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Are you wondering how to take your terrarium to the next level? One great way to do this is to turn your regular ol’ terrarium into a bioactive terrarium, also known as a vivarium! What’s that, you ask? Here’s a simple explanation:
A bioactive terrarium, also called a vivarium, is an enclosed habitat for raising animals or plants for observation and often research. The self-sustaining ecosystem for a particular species is simulated on a smaller scale and environmental conditions are controlled to mimic that species’ natural ecosystem.
More information about bioactive terrariums and things you need to keep in mind when creating one is below.
Throughout this article, I have included links to any materials or items needed (typically through Amazon or Etsy) for your convenience. Although I do receive a small commission through these affiliate links (at no cost to yourself), I have only included items that I would highly recommend and have had a positive experience with.
What Makes a Bioactive Terrarium Different?
Before getting started, it’s important to understand some of the major differences between a terrarium and a bioactive terrarium. A terrarium is like an aquarium, but for plants instead of fish. Plants are placed in a glass container to look like a tiny garden or enclosed miniature forest.
A bioactive terrarium is a container that can house both live plants and organisms that’s purpose is to take the waste of animal species living in the terrarium to essentially “self-clean” the habitat.
Building Your Own Bioactive Terrarium
What You Will Need:
Finding materials for your bioactive terrarium is incredibly easy these days. You can find materials at most pet stores, or home improvement stores. Online stores like Etsy and Amazon are another great option with a massive selection of materials to choose from. See the below highlighted links for my personal recommendations.
Here is everything you will need to consider to start your own bioactive terrarium setup:
Container – First, you will need an enclosed container. Glass is typically preferred, but an Acrylic container may also be suitable for a nano-terrarium. The size of this container will largely depend on what you are wanting to house within your bioactive terrarium.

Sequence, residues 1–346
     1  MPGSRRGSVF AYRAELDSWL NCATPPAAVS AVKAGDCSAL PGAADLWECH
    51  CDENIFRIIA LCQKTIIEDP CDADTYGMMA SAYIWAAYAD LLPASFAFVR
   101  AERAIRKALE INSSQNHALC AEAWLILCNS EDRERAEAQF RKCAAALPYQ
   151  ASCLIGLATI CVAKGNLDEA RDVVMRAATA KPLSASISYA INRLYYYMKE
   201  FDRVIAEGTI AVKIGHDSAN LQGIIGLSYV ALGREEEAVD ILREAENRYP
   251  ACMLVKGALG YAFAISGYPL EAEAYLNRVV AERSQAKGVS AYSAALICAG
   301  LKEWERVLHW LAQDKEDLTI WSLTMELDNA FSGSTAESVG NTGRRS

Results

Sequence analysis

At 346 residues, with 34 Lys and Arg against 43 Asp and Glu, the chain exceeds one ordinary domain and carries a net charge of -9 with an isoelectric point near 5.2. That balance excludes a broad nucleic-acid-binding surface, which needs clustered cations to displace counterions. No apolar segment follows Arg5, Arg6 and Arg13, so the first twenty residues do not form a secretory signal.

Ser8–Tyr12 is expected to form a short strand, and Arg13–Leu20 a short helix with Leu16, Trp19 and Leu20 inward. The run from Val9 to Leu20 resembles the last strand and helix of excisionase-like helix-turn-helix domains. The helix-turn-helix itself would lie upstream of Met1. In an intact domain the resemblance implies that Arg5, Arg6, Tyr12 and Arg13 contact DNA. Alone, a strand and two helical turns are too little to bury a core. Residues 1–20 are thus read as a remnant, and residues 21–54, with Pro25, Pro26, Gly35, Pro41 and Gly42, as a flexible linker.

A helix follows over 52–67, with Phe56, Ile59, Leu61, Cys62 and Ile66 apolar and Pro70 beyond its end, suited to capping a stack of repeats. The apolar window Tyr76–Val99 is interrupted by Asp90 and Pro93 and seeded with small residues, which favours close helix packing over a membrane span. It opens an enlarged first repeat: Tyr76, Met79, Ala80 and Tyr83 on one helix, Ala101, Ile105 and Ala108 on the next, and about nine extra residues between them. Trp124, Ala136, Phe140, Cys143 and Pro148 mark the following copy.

If your looking for a nano-terrarium container to house live plants and/or small bugs and invertebrates, then you could get away with something quite small such as this nano-terrarium enclosure on Amazon or small jars similar to those pictured above..
For larger bioactive terrariums, such as enclosures needed to house larger reptiles, the space required will largely depend on your animals needs. See this article I have written for specific enclosure requirements for a wide variety of reptiles and vivarium animals. This 67 gallon, large reptile terrarium enclosure from Amazon has worked well for me in the past with no issues.
After choosing the container in which you are going to build your terrarium, you can focus on the materials and other elements that will go inside.
Drainage – In this step, you will be creating a base layer to become the foundation of your terrarium to help absorb moisture that enters the terrarium. The most common materials used for this are gravel or sand, but you could also use moss if you would prefer.
Activated charcoal – To help collect any potentially harmful chemicals that may enter the terrarium, charcoal can be placed at the bottom of the container. Having a specified area for the collection of bacteria can help your microfauna thrive better than if you just relied on natural collection to occur. If your curious as to why terrariums need charcoal, then take a look at this article.
Substrate – The substrate’s purpose is to make your terrarium more comfortable and welcoming for any bacteria that will grow there. Just as you would furnish a house with furniture to have space to live and thrive, a hearty substrate will do the same to create an inviting area for bacteria to grow. Usually, a substrate is created with materials like bark and moss. See below for 4 great substrate mix recipes you can make at home!
Microfauna – Choosing which microfauna to put in your terrarium has to be done with intention. The microfauna you choose to occupy your terrarium will determine how the overall habitat reacts and either thrives or dies.
Fungi – Fungi are very similar in their purpose to microfauna, so it is alright if you choose between the two and don’t have both in your terrarium. It tends to be a personal preference of the owner as to which one they choose.
Part of the fun of building your own bioactive terrarium is creating your own design. Lucky for you there are a wide variety or materials available that can help provide you with the terrarium environment that you desire.